by Setsuko Adachi
In the Mountain That Knows Happiness stands a grandstand with a grape arbour hidden from mortal eyes. A century or two ago, it used to be easy to spot from below for anybody, including mortals, because tapestry after tapestry of grapes in various shades of colour shone under the white sun. Today, the colours of tapestries have faded and some vines have been consumed by rot. They were suffering an existential crisis. They have been labelled as not practical by the current mortals.
The spectres of the Mountain have always called the grandstand Berfrois and always will. It was where the honourable judges and respectable connoisseurs gathered to spectate the contests between Arachne and Athena, that is, figuratively speaking. You see, Arachne was the mortal in Greek mythology devoted to the art of spinning exquisite stories into delicate tapestries who challenged the talented and immortal Athena because Arachne sought the best of the best.
The Mountain used to have an innumerable number of Arachnes. They passionately contested. When the honourable judges, assisted by the respectable connoisseurs, housed in Berfrois, announced the winner, the Mountain celebrated happiness. The mortals were euphoric when the winner’s tapestry was brought up and added to the grape arbour to honour their achievement. That no longer was the case.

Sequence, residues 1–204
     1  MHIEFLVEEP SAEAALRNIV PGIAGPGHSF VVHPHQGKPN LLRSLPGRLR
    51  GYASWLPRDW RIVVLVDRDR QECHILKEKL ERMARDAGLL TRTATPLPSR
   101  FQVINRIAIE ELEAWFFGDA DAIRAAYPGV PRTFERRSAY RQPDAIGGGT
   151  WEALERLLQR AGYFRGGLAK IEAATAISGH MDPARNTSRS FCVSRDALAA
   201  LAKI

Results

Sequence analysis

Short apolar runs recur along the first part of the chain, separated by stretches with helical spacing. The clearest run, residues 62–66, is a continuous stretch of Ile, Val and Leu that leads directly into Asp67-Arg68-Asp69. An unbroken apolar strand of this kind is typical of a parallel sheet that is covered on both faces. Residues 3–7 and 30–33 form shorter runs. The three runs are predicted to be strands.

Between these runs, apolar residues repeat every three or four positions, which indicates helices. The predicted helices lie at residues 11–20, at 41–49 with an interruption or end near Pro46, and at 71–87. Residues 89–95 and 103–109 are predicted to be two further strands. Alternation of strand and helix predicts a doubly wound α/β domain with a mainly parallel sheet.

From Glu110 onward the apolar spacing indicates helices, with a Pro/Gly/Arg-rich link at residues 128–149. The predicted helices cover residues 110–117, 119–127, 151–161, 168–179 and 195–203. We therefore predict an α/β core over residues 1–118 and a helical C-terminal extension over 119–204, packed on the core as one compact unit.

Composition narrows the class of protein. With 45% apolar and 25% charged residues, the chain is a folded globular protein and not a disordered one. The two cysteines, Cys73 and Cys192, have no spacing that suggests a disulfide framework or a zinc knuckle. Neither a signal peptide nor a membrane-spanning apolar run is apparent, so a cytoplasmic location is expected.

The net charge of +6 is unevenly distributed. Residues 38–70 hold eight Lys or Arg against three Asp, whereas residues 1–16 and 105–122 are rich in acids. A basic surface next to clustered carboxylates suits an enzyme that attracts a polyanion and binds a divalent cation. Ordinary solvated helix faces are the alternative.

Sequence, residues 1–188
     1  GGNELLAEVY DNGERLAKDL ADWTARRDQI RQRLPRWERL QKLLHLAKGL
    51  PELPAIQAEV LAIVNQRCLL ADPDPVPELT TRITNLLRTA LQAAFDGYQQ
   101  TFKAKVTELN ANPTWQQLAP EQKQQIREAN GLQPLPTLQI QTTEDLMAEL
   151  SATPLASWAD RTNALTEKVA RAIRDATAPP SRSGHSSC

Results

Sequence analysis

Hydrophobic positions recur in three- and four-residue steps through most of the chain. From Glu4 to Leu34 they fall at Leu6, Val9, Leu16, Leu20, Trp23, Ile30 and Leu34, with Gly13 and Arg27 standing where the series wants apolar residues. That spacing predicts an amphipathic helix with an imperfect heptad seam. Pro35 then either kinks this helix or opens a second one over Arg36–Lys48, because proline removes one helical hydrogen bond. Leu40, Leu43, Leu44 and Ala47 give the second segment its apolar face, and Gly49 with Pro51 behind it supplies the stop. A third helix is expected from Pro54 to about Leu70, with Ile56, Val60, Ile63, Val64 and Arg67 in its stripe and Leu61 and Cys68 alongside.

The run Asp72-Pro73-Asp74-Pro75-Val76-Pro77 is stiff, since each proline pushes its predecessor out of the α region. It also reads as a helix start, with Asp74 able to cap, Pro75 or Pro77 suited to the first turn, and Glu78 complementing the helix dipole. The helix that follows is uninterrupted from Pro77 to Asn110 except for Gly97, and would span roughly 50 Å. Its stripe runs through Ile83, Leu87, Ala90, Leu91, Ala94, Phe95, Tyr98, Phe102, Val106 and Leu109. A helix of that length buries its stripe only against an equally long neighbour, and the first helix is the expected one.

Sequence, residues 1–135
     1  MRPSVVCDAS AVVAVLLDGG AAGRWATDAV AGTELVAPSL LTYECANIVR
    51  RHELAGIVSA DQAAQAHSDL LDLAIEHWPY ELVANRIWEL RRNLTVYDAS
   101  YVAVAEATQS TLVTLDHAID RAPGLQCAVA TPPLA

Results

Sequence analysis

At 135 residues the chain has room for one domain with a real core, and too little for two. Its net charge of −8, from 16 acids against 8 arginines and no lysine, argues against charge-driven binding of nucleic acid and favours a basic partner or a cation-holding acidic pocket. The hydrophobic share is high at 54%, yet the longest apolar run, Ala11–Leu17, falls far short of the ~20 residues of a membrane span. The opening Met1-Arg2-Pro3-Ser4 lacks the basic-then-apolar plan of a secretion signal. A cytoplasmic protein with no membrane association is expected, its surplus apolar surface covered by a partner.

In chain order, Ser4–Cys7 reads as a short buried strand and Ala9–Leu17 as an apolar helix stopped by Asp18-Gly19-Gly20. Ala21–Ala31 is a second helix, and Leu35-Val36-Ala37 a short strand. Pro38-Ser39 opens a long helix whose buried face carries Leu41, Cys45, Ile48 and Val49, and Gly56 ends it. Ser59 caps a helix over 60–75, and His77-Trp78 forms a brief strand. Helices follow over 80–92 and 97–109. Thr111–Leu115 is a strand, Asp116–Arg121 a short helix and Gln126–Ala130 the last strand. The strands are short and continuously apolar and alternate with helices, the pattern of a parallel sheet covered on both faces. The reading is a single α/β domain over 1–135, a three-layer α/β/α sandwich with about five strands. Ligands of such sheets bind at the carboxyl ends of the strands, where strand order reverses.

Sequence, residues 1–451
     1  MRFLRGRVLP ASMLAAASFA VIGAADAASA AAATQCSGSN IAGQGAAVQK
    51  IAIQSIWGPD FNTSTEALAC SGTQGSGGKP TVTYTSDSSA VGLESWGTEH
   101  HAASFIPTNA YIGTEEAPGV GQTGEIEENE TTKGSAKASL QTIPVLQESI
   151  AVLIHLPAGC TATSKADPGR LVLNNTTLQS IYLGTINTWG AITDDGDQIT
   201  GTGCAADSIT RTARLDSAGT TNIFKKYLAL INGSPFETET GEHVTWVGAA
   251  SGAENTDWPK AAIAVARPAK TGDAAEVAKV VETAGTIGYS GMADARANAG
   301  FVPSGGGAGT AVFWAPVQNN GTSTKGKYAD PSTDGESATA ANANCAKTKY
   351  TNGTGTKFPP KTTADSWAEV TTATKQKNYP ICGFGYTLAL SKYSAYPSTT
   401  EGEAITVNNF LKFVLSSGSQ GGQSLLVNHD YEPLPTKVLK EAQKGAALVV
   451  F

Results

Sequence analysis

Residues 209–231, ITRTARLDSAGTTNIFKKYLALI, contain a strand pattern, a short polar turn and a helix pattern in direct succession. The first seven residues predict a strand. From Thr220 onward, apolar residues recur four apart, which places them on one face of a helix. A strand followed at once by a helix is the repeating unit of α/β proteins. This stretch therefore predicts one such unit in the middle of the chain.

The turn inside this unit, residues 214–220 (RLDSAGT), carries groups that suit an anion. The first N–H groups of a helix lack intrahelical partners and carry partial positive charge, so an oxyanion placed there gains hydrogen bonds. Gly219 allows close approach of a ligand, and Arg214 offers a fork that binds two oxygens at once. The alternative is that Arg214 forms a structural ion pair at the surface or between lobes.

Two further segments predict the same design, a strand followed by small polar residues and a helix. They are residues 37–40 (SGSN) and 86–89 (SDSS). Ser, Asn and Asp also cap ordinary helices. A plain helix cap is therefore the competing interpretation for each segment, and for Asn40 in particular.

Given the situation, the uncanny commotion that the unhappy spectre portion of the residents in the Mountain That Knows Happiness displayed should be compassionately forgotten. It started when M, a man deceased at the age of forty-four, announced, “My challenge has been accepted. I am going to Berfrois to watch a living sapiens go at it. Any sapiens spectre is welcome to come join me.”
So, they all went to Berfrois excited, chatting and waiting.
“Who is this lovely living sapiens that took up the challenge?”
“I hear it is M’s niece.”